The American Logistics Aid Network – Past, Present, and Future – Part 2
In last week’s blog, Robert Martichenko shared a few of the surprising things he’s learned about ALAN since joining our board, starting with an entertaining view of what we were like in our early days. This week, he continues that discussion with a candid view of who ALAN is now – and how we hope to continue changing disaster relief logistics for the better.
In February of 2020, ALAN’s board decided to create a committee to review the overall vision and mission.
ALAN had just turned 15, and the time seemed right to build upon the amazing work that it had already completed while also figuring out who it needed to be in order to better serve the non-profit and logistics community going forward.
As this committee reflected upon lessons learned, we realized that even though ALAN had begun with a single mission, that was no longer the case.
After a decade and a half of providing meaningful tactical assistance to numerous non-profits, ALAN had discovered that there was far more strategic planning and coordinating that needed to be done to make the disaster response system more efficient and effective.
Just as important, it was clear that thanks to ALAN’s connections, expertise and experience, ALAN possessed many of the tools and capabilities that could help make that strategic work happen. In fact, when we looked closer, we realized that ALAN had begun much of that strategic work already.
Ultimately this led us to the belief that the ALAN of today has a mission that involves four key areas rather than just one:
Convening: Many supply chain professionals and businesses have a strong desire to dedicate their time and knowledge to improving disaster relief outcomes. But they often work in silos, which is less efficient and less impactful. ALAN brings these individuals and businesses together to help them visualize, create and enable more coordinated and unified supply chain disaster relief efforts.
Educating: Many non-profits often have limited resources to dedicate to logistics knowledge and staff; businesses don’t always invest in understanding how governments respond during crises; and government understanding of how commercial supply chains operate is at times limited. ALAN works as an educational thought leader to help these groups advance their understanding and knowledge of supply chains and how they function during a crisis.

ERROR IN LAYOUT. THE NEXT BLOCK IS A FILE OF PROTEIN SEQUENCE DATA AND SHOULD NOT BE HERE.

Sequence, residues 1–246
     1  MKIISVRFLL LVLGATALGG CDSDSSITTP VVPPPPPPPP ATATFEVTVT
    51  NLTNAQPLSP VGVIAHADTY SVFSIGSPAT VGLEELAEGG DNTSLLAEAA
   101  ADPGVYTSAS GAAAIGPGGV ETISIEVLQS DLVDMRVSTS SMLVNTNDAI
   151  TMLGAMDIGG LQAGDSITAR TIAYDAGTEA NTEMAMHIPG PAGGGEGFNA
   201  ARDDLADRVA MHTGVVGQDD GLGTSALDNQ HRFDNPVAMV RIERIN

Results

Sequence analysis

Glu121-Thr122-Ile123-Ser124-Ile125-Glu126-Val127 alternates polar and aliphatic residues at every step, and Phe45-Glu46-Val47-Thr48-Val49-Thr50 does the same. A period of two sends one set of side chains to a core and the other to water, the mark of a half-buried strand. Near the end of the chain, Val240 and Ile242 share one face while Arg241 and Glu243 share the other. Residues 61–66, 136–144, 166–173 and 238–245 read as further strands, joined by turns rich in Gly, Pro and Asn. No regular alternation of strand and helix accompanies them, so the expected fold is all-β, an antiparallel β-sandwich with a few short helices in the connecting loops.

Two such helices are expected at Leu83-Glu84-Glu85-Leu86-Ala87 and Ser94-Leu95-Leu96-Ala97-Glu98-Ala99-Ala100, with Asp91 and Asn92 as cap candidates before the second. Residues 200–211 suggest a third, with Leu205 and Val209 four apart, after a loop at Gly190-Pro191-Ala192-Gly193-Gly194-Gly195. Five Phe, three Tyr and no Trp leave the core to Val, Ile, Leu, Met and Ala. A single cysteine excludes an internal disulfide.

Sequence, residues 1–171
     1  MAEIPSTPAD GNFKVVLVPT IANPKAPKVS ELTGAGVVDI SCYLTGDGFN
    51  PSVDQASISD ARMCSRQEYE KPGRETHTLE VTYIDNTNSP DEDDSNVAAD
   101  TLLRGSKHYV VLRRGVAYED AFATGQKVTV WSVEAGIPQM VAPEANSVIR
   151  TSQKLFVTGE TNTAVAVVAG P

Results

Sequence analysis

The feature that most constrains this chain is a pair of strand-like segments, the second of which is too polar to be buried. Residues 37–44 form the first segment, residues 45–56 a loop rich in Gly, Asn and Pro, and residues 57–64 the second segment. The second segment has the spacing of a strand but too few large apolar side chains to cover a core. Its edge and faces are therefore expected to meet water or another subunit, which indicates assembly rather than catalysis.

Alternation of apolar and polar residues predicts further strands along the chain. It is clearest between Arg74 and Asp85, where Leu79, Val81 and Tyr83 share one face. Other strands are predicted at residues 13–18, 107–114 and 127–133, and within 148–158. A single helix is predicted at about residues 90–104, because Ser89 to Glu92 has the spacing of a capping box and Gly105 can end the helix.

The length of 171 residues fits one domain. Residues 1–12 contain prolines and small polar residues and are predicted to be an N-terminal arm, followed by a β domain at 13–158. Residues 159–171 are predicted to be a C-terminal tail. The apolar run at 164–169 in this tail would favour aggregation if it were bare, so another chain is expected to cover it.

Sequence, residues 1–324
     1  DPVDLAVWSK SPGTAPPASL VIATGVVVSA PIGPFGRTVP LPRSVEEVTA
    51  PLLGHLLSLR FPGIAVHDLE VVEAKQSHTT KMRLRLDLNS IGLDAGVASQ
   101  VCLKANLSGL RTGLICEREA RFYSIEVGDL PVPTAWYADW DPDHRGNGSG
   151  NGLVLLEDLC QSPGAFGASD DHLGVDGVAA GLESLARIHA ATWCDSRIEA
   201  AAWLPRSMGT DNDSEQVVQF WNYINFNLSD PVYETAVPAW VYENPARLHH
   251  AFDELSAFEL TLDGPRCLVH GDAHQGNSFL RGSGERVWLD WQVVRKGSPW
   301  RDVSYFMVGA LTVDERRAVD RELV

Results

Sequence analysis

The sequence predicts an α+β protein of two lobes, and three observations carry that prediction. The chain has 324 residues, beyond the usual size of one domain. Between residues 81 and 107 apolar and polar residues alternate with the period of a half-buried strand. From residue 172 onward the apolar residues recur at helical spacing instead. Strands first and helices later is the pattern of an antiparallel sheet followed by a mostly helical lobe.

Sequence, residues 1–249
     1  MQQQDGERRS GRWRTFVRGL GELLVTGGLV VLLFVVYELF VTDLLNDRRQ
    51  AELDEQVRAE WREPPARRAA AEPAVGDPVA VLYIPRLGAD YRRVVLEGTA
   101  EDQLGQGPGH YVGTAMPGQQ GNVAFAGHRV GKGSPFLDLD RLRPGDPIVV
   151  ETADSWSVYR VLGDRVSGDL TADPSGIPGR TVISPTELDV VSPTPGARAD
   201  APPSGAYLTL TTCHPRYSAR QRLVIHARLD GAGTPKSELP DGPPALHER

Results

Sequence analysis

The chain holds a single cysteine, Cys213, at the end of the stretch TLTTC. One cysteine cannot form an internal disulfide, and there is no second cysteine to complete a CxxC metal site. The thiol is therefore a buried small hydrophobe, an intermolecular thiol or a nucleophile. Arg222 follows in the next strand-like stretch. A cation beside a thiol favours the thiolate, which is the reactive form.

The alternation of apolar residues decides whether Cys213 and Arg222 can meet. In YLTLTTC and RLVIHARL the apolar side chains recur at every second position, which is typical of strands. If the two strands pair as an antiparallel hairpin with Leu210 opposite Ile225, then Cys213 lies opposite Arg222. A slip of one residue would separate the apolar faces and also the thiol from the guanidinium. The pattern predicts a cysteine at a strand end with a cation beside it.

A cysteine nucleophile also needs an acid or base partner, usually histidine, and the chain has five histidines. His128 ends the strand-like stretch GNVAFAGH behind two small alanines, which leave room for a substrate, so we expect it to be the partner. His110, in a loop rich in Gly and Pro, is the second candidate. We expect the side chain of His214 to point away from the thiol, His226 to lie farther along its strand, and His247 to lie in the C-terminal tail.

Informing: Knowledge is power – but only when it’s shared. ALAN delivers visibility tools, trusted information, and operational processes to keep all critical organizations connected and informed across the platforms that form the overall system for disaster relief responses.
Coordinating: Last, but certainly not least, ALAN has been and remains committed to providing the tactical, on-the-ground matching work that’s required for disaster relief. We facilitate the efficient delivery of supplies, knowledge, and expertise to support people areas affected by crisis. In addition, we coordinate and unify public, private, and NFP organizations to get the right materials, resources, and trusted information to the right people in the right quantities and right quality at the right time.
Obviously this new mission statement isn’t written in stone. Our work at ALAN continues to evolve and change just as disasters themselves evolve and change.
We will always be about “Dark Sky Execution,” just as we’ve been since Day One. During a disaster, we focus on providing our non-profit and business partners with the information and resources they need — all with the goal of reducing the time it takes to reach affected areas. Because we know and believe that faster response times and saving lives are often synonymous.
But as we look to the future, we will embrace and leverage more “Blue Sky Planning, too. By taking more time to review past events, problem solve, and further educate ourselves (and our partners) while things are calm, we can be better prepared to respond to the next disaster and pave the way for faster recovery.
And what will it take for us to realize this all-important future state?
It will take everything.
To achieve these levels of success, we envision growth in our volunteer organization. We visualize improved scale. And we look forward to the possibility of increasing our full- and part-time staff.
And that, in turn, requires support.
All of which brings us full circle. Much like our founding members addressed the critical question of how ALAN would be funded 16 years ago, our board continues to ask that question today, especially now that we are handling a record number of cases.
And much like Hurricane Katrina revealed the need for an organization like ALAN, events like COVID-19 have underscored this group’s importance and relevance.
So if you’re looking for a worthy cause to get behind, why not consider supporting ALAN as a donor, or volunteer?
As a relatively new board member, I’m certainly glad I did.